Are You Able to Design Apps Yourself or Will You Need a Graphic Designer?

While looks are not everything, it would be a lie to say that people never judge a book by its cover, right? We are naturally compelled to lean towards things that are more pleasing to the eye — even if it’s not always the smartest decision.

Do you possess the skills to design the graphics that will make your app stand out amongst the competition? While most white label platforms have templates that you can choose from that will compliment your niche, if you can design something that will stand out, you will be putting yourself in a position to have your app chosen over your competition.

You might want to think about partnering with a graphic designer. While looks are not everything, they certainly are a great selling point.

What is Your Goal for Your End Game?

Ultimately, you need to know what your end game is. Do you expect to corner the market on educational apps, or are you just looking to supplement your income and pay off a few bills?

Starting a mobile app company can help grow your income moderately, and if done right, it can replace your full time career. It all boils down to how much time and energy you want to invest in making it a reality. Make sure that is clearly established in your mind when you start to put your company together.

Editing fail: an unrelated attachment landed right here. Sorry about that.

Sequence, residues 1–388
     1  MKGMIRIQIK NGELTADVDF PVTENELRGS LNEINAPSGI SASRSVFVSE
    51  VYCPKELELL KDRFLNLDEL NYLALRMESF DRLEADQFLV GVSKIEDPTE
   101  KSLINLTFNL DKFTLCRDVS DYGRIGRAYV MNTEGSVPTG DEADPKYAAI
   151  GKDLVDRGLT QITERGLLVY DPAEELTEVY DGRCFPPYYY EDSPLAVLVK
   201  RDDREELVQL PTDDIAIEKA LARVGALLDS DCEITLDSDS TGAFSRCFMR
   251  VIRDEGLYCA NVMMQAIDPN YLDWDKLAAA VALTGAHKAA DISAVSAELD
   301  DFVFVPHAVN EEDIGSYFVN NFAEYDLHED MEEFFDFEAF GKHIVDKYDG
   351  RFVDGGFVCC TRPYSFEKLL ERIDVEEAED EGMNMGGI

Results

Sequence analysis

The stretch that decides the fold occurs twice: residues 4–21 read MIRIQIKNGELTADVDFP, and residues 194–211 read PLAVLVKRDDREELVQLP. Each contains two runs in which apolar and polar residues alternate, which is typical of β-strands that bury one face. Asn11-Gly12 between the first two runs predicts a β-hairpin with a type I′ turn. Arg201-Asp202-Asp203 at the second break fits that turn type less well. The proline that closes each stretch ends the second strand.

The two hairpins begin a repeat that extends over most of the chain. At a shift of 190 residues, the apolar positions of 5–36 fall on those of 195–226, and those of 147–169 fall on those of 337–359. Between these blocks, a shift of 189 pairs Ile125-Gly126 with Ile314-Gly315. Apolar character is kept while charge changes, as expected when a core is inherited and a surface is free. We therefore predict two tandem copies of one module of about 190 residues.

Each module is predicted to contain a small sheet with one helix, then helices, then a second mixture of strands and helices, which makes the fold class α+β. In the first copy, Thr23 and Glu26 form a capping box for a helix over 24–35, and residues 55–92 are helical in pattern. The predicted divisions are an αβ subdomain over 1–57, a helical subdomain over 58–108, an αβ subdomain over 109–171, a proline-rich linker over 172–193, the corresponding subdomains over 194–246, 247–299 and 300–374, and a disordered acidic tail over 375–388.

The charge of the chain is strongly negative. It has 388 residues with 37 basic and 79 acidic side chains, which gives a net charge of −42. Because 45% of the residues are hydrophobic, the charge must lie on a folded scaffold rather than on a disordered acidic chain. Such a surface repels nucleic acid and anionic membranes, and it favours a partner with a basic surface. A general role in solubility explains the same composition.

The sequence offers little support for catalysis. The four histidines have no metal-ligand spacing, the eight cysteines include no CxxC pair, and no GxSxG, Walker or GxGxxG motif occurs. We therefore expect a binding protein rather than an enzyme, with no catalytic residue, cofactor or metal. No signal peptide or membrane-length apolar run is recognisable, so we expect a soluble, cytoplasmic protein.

Conclusion

White label goods and services have been around for decades. In every industry you could imagine, businesses create products that are rebranded by their partners to sell as their own.

The technology industry, and the mobile app sector in particular, is no exception. As consumers go mobile by the tens of millions, businesses are rushing to catch up, and cash in.

If you are planning on starting your own mobile app company, you have to make sure you do a lot of planning and ask yourself some really hard questions. A good solid plan, and a good analysis of the industry in which you hope to compete, can go a long way in setting your white label business venture on the path to success.